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Missing Autistic Boy, 6, Found Wandering In Homeless Encampment

San Jose Police Department

 (San Jose Police Department)

A family is sighing in relief after a nerve-wrecking weekend. 

Sergio Zepeda, a 6-year-old autistic boy, walked away from his family’s San Jose home Saturday morning while watching television. When his mother and her boyfriend realized he was gone, they found the garage door open, but he was nowhere to be found, according to reports.

While police searched for nearly 24 hours in and around his neighborhood, the boy managed to wander into a graffiti-marred homeless camp nearly a mile from his home early Sunday. He had shed his clothes and diaper along the way.

Jose Salmeron, the man who found Zepeda, told the San Jose Mercury News that he shined his flashlight outside his tent and found the naked, shivering little boy.

“I though honestly it was an (extraterrestrial) or something, a skinny little figure,” Salmeron, 32, said. “But when I looked a little closer, it was a little boy.”

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He said he gave him a blanket, a sweater, a doughnut and some water while they waited for police to arrive. According to Salmeron, Zepeda kept walking in circles and did not talk.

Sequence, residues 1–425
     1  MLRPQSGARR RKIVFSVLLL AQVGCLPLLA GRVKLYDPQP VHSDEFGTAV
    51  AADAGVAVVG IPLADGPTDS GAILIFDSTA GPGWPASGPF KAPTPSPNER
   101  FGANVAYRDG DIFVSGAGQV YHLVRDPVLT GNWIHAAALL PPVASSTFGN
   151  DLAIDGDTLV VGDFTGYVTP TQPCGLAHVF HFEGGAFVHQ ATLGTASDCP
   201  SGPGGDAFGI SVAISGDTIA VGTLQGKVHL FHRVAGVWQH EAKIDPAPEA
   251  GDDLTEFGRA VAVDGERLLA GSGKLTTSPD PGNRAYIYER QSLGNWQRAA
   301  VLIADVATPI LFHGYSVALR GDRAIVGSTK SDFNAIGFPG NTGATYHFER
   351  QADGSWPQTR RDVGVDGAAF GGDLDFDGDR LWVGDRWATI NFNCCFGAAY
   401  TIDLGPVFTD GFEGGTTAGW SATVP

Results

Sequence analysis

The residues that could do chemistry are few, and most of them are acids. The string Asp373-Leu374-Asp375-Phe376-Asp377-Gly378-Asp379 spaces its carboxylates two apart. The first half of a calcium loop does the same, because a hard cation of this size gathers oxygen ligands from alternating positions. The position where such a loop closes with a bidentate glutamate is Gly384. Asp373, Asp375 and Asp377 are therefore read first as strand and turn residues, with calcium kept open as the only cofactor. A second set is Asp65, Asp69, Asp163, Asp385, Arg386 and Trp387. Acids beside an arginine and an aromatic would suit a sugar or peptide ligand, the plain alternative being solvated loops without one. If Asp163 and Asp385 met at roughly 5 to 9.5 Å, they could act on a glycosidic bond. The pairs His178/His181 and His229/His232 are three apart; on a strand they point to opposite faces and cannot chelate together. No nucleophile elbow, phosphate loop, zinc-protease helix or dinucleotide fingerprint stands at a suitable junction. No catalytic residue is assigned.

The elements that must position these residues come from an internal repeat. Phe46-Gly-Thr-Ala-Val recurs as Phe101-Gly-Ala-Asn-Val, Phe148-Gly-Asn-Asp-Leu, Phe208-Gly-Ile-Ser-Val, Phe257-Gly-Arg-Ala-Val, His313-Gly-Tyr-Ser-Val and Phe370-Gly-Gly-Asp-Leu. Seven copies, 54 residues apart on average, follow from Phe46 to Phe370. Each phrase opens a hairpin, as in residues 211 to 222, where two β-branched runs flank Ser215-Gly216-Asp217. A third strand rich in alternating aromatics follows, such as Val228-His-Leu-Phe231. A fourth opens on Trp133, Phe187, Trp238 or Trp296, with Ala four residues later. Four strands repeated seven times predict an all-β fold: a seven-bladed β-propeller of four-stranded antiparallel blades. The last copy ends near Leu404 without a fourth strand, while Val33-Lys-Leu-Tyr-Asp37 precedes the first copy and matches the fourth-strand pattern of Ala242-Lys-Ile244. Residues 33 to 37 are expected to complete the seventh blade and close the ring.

"It's a happy ending," said San Jose police officer and spokesman Albert Morales as quoted by the Mercury News. "We're tremendously fortunate that he was safely found. Here's a 6-year-old out in the elements, and he trekked a pretty good distance. We're all just very happy that it ended the way it did."

Lt. Jason Herr told KTVU-TV the homeless camp is about a four-mile drive from Zepeda’s home, but less than a mile when traveling over Communications Hill.

“It took us a while to locate this location, but one of the homeless folks came from the encampment and flagged us down on the roadway,” Herr said.

Police do not suspect any foul play in Zepeda’s disappearance and they are considering nominating Salmeron for a Good Samaritan award.

But Salmeron does not want to be called a hero, he told the press.

“When you see a helpless kid like that, you are supposed to do the right thing and just call the cops right away,” he told the Mercury News. “Thank God he didn’t get hit by a train, or fall into the water.”

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